The Klamath County Board of County Commissioners awarded $150,000 in Coronavirus Relief Funds to Oregon Institute of Technology (Oregon Tech) to support remote learning and student-focused classroom improvements. The grant funds stem from a federal Coronavirus Aid, Relief and Economic Security Act (CARES Act) allocation made earlier this year to the State of Oregon.
The $2 trillion federal CARES Act provides financial assistance to individuals, businesses, community organizations, and state and local governments. Oregon is estimated to receive about $13 billion in total CARES Act funding, $3.4 billion which is allocated for community groups, health care providers, colleges, school districts, and other organizations. Klamath County received more than $2 million in Coronavirus Relief Fund money.
The funding from the County comes at a critical time for Oregon Tech as the university continues to expand information technology needs to support distance learning and telework to provide safe, alternative learning and working modalities in light of COVID-19. Brian Fox, vice president of Finance and Administration, expressed thanks on behalf of Oregon Tech for the support from the Commissioners to acquire funds to benefit organizations in Klamath County. “Our thanks go to each of the County Commissioners for their ongoing support for Oregon Tech. We, like many, have had significant increased costs responding to the pandemic and this support allows us to maintain safe operations, including in-person and remote teaching to keep our students on track toward completion.”
Oregon Tech has experienced academic and operational adaptations in response to the impacts of COVID-19. As the virus held the world in its tight grip, Oregon Tech moved quickly to limit educational impacts on students. Oregon Tech’s Business Affairs Office worked with Commissioner Kelley Minty Morris to understand the federal funding available from the County to support costs incurred from COVID-19. “Supporting our various educational institutions, including Oregon Tech, during these challenging times, has been a priority of the Board of Commissioners,” shared Commissioner Minty Morris. “We are happy we were able to assist the University in their important work. The community is severely stressed right now, and we are hoping to do as much as we can to help students, faculty and families.”
Since March, Oregon Tech has responded to an uncertain revenue environment by quickly reducing personnel and nonpersonnel costs and implementing programs which will reduce the cost-curve over the next several years. These include furloughs, an early retirement program, leaving positions open and holding back on discretional expenses across the University. “This funding comes at a critical time for Oregon Tech and as COVID‐19 continues to impact our operations,” said Dr. Erin Foley, vice president of Student Affairs and Dean of Students. “Oregon Tech is working to fully utilize technology as one of several efforts to minimize exposure and facilitate physical distancing. This grant will give us the opportunity to continue to provide support to students during these challenging times.”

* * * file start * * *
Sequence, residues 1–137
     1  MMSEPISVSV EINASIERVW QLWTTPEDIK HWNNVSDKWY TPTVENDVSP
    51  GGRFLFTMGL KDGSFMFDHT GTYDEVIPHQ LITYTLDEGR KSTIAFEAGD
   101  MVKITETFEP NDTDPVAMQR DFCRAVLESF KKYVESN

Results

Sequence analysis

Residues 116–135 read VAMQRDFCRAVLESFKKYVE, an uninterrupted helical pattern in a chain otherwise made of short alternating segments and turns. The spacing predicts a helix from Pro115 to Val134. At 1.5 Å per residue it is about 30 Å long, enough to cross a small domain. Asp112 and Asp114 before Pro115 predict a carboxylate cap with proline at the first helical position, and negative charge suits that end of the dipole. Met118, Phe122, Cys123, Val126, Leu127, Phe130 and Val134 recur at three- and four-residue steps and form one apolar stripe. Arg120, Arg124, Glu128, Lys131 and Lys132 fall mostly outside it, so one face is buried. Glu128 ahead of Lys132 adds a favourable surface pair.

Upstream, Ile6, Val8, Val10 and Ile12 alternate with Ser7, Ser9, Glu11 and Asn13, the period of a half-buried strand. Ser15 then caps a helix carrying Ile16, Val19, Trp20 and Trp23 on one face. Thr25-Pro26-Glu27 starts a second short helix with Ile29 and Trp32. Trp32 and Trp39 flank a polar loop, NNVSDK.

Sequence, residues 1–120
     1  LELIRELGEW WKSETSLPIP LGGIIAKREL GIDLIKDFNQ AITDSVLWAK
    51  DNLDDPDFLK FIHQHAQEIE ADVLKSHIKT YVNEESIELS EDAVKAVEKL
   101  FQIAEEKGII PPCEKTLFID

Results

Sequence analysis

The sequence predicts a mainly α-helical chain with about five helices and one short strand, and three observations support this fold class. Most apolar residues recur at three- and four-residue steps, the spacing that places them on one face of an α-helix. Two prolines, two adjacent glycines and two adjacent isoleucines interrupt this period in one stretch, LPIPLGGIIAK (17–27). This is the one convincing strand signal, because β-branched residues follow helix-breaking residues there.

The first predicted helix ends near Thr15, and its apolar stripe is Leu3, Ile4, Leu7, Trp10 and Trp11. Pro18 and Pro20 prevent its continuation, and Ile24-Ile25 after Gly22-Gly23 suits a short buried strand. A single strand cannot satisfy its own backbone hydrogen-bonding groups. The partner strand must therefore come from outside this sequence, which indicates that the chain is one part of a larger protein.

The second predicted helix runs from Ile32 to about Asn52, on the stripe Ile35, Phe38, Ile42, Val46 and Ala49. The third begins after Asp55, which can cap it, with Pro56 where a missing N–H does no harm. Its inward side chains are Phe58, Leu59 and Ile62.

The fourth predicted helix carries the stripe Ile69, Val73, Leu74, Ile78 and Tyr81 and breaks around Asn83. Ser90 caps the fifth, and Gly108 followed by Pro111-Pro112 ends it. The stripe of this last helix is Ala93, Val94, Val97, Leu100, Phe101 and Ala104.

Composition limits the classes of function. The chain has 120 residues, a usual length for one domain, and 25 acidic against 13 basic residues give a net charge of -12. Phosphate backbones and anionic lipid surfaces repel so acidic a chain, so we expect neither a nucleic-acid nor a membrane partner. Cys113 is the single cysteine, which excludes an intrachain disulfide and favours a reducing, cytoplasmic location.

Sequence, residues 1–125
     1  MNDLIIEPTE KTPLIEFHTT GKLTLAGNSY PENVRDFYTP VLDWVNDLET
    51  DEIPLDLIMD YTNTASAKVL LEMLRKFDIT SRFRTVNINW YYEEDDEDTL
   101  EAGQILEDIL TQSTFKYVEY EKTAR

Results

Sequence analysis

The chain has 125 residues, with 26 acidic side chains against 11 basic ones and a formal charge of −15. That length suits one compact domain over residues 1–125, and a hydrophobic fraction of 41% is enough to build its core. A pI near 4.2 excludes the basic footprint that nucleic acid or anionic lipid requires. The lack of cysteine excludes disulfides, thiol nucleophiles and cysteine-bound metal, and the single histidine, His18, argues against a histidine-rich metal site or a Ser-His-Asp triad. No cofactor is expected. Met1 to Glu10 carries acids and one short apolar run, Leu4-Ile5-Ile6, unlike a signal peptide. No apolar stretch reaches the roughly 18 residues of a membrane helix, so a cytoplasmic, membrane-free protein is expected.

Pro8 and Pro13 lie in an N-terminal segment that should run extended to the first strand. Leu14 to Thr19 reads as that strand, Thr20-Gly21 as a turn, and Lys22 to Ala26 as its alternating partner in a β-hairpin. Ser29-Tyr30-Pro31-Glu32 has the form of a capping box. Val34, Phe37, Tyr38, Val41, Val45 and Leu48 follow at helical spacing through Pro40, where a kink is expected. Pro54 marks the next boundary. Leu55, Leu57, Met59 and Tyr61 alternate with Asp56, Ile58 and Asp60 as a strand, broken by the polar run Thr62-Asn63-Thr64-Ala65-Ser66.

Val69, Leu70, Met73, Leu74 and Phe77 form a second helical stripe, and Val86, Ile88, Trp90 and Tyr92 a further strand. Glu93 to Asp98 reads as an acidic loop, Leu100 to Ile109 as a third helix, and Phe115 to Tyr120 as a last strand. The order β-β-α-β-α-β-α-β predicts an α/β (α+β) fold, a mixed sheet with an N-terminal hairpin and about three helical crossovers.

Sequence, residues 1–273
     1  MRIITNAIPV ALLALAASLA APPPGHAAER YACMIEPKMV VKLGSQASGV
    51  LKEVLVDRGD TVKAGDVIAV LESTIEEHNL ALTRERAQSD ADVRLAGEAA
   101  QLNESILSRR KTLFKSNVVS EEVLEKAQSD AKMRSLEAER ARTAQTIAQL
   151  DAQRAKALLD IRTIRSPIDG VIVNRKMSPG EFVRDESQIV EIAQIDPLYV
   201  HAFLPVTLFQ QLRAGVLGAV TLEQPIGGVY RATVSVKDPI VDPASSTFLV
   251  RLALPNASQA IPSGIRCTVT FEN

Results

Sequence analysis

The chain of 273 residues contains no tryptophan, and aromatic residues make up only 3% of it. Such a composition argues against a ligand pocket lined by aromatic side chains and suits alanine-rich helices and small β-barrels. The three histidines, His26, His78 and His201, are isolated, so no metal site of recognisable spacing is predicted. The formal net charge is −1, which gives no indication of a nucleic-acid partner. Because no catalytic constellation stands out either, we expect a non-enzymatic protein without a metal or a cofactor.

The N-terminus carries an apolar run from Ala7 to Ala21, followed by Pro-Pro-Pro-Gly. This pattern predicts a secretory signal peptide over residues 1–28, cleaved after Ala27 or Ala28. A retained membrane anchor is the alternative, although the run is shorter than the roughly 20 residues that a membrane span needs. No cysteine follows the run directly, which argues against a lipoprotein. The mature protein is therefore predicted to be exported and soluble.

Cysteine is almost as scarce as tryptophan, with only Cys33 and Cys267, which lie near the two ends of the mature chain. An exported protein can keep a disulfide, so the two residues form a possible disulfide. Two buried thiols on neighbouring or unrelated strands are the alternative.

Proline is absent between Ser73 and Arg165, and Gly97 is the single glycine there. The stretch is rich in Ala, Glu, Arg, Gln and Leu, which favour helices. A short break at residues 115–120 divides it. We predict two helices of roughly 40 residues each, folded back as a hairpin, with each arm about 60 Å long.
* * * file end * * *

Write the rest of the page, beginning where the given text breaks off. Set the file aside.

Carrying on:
OREGON TECH BEGINS WINTER TERM REMOTELY
With an abundance of caution, Oregon Tech has been preparing for winter term to begin in January. The changing nature of the pandemic and the status of each community where campuses and teaching sites are located requires continuing review of plans, staying aligned with the framework provided by Oregon’s governor and the Oregon Health Authority.
As the University wrapped up fall term remotely the week after Thanksgiving, winter term will begin Jan. 4, 2021. Given the short time between the holidays and the start of the term, Oregon Tech’s Klamath Falls campus will teach lectures and labs (i.e., all instruction) through remote delivery for the first two weeks, with a return to a hybrid remote and in-person instruction starting the week of Jan. 18. Residence halls will open Jan. 2 so students can return to campus housing.
At the Portland-Metro campus, classes will follow the same format as for fall, with lectures being taught remotely and labs in-person.
In the interest of everyone’s health and safety, Oregon Tech requires the use of face coverings by all faculty, staff, students, and visitors who are physically present at an Oregon Tech location, in enclosed public or common areas and outside if 6 feet physical distancing cannot be maintained. Cloth face coverings, face shields or alternative, are to be used in combination with other preventative measures, such as physical distancing and proper hand-washing.
In communication sent to campus communities, senior leadership thanked everyone for their continued vigilance and precautions. “We know you hear this frequently but until vaccines are available these are the best measures we can take to curtail the spread of the virus in our community…We recognize the importance of continuing face-to-face instructions and labs because of our applied programs and are focused on doing so safely and in the best interest of our students' education.”
Oregon Tech’s coronavirus site will continue to provide up-to-date information at www.oit.edu/coronavirus.###